I can’t say I’m any wiser having enjoyed both films. As a youngster film was so vital because it could teach me so much however, having watched several thousand films, not to mention the other art I have consumed, it becomes harder to find the insight art can provide. The protagonists of both films are much older than I but they do give me a glimpse of what may be ahead of me.

On Chesil Beach (UK, 2017)

Beach to nowhere

I loved Ian McEwan’s novel and he’s adapted it for screen apparently having to add several hundred lines of dialogue. I can’t remember the novel well enough to compare but the film seemed different and might be an interesting case study on adaptation. Although I enjoyed it, particularly the devastating final scenes, I wasn’t particularly gripped. Saoirse Ronan and Billy Howle are both excellent as the leads either of whom may have become the narrator of Larkin’s ‘Annus Mirabilis’ a few years after the 1962 setting of the film.

I’ve noticed a couple of reviews complaining about the ending; no doubt the ‘over-the-top’ melodrama was too much for them. However it is essential as the final scene, set in 2007, gives perspective to the events of 45 years earlier. At the end of the film the present defines the past, opposite to the film 45 Years (post to follow) where (the time span is coincidental) the past erupts into the present.

The class divide of the time is well sketched and snobbery was more obvious in those days. After the allegedly egalitarian (allegedly) ‘swinging’ ’60s the barriers to ‘success’ no longer seen to be insurmountable for those with a working class background. It’s clear the Right want them back, hence the Tory government’s insistence on boosting the class-divisive Grammar schools; they lie when they claim selection at 11 improves social mobility. On Chelsil Beach is a reminder of how terrible sex education was and its events are highly unlikely to happen today although we can see some of the repressed values, that so crippled the characters in the film, in the shape of William Rees-Mog, darling of the unreconstructed right.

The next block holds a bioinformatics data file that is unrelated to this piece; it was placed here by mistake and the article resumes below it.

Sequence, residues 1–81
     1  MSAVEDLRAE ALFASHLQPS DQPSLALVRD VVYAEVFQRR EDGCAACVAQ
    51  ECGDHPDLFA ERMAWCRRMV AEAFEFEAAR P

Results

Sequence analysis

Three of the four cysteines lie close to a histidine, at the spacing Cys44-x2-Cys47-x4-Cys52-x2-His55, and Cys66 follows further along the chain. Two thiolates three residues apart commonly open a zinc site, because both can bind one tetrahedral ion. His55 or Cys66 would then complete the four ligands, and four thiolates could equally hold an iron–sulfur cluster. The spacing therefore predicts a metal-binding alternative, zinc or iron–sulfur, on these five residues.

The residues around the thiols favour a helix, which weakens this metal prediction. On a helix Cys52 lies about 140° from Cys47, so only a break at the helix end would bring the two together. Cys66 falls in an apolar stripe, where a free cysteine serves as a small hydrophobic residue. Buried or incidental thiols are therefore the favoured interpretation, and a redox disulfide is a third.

Funny Cow (UK, 2017)

Bad old days

Maxine Peake is the key to the success of Funny Cow as she can embody working class characters with authenticity even if hearing her spouting racist jokes is uncomfortable. As Peake’s politically sound I’m sure she struggled to speak them but this was the state of the UK in the 1970s. Apparently partly based on Marti Caine, Tony Pitts’ script (he also plays the brutal Bob, Funny Cow’s husband) obliquely traces the rise of a female comedian. To be honest, I’m not entirely sure what the film was about but did enjoy it.

Maybe Pitts was offering a bleak portrait of working class northern England during the ‘60s and ‘70s. Unfortunately I remember it and it is not a time to revisit with affection which the film recognises. The supporting cast is strong; Alun Armstrong’s ‘zombie’ comedian (he’s died on stage many times) is particularly good though I didn’t find Paddy Considine’s aesthete convincing; it was nice, however, to see a middle class character shown to be a pretentious wanker.

Some of it was apparently shot around the corner from where I live (which I didn’t notice)! I did recognise Saltaire made shabby though. The movie has primarily been distributed in the north; I’m not aware that there are any films set in the south that we don’t get to see up here. That harks back to the ‘30s were Gracie Fields audience was primarily northern and suggests that the default culture in English is ‘southern’ (no doubt with a London bias). The north was fashionable as part of the ‘new wave’ films of the early sixities: ‘it’s grim up north’ narratives hit a chord because of their difference and maybe also because of their perceived authenticity. Funny Cow continues the ‘it’s’ grim’ tradition just as did the successful (and brilliant) TV series Happy Valley(2014-). As long as this image discourages southerners from coming up and spoiling our countryside then that’s fine… (joke)